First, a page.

There is an almost dogmatic belief that the price of oil and the dollar have an inverse relationship. While in recent years, the dollar/oil inverse correlation has been very tight, throughout history that has not always been the case. In fact in the oil market and that of other commodities, we may be on the verge of a total breakdown of that strong inverse relationship. The reason for that breakdown is the same reason commodities became so highly correlated to the dollar in the first place; it was the impact of quantitative easing (QE).
Commodities and the dollar do not always go in opposite directions. There have been numerous times when commodities and the dollar have gone in the same direction. Many times commodities actually outperformed the dollar. (See chart below.)
*DXY is a weighted geometric mean of the dollar’s value compared only with a “basket” of six other major currencies, which are: Euro (EUR) 57.6%, Japanese Yen (JPY) 13.6%, Pound Sterling (GBP) 11.9%, Canadian Dollar (CAD) 9.1%, Swedish Krona (SEK) 4.2%, Swiss Franc (CHF) 3.6%.
**Commodities are represented by the S&P GSCI TR from January 1970 to July 1998 and the Bloomberg Commodity Index TR from August 1998 through September 2014.
When commodity demand is strong domestically, or even internationally, the exchange rate doesn’t matter. Currency will chase the product regardless of the cost of the currency. While the dollar has some impact on the price of oil and other commodities, as commodities are priced in dollars, it is far from the only factor.
The value of the dollar had more influence on oil prices when, in the 1990s, the US had to import almost 60 percent of its petroleum. Now US net imports account for only 27 percent of the petroleum consumed in the country, the lowest annual average since 1985. That drop in imports makes the price less sensitive to currency market fluctuations.
The European Central Bank conducted a study and found that the US dollar and the crude oil market had a strong negative correlation. That correlation became clear early on in the year 2000. Yet prior to the year 2000, “there was no such systematic correlation over the previous three decades”.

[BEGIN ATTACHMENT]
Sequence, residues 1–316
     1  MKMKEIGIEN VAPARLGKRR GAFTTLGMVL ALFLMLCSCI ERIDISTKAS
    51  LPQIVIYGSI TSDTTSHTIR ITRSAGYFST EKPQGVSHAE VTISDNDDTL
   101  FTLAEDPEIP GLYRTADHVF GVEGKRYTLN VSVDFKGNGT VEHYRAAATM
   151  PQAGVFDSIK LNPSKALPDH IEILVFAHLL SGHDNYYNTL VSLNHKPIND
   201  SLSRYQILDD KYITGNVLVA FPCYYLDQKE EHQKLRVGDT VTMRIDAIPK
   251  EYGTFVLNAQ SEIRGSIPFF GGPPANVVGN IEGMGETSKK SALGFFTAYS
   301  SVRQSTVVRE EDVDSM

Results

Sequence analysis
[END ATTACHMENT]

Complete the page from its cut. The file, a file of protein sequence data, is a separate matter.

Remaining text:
The oil-to-dollar correlation hit its zenith at the start of the financial crisis, when in 2008-09 it ran near 60 percent. The reason for the high correlation was the strength or weakness of currencies, which was reflecting a shifting of risk assets trying to find a safe haven against what was an unfolding economic crisis.
Oil had been in a historic bull market. Not only was the US economy expanding due to low oil prices, those same low oil prices helped drive the explosive industrial revolution in China as well as the growing strength of the European Union. Oil prices saw a low of $16.70 that then went on to peak at $147.27 a barrel in the heat of the commodity-buying frenzy at the height of the economic crisis in 2008.
While most of the early price movement was driven by supply and demand, a massive surge of more than $97.00 a barrel from the lows in 2007 to the high in 2008 really was caused by panic and risk aversion as the wheels started to come off the global economy.
Many misunderstood that price move. Some said the rally came because the world had hit peak oil production. The theory was that as demand grew and we produced more oil, the maximum rate of extraction of petroleum would be reached, and the rate of production would then enter terminal decline.
In 2007 there was talk of oil shortages, and in a book titled Twilight in the Desert by the late Matt Simmons fears were raised that oil fields in Saudi Arabia, the world’s largest oil producer, had entered decline.
Oil man T. Boone Pickens said that oil production had already peaked when production hit more than 84 million barrels per day. Pickens said that global production could not sustain more than 84 million barrels a day because the largest oil fields in the world were declining. “It’s a treadmill that you just can’t keep up with,” Pickens said. “If I’m right, we’re already at the peak, the price will have to go up.” That was before the enormity of the shale oil revolution became clear to him and many others. Prices did go up, but the reason was not peak oil but something almost as ominous.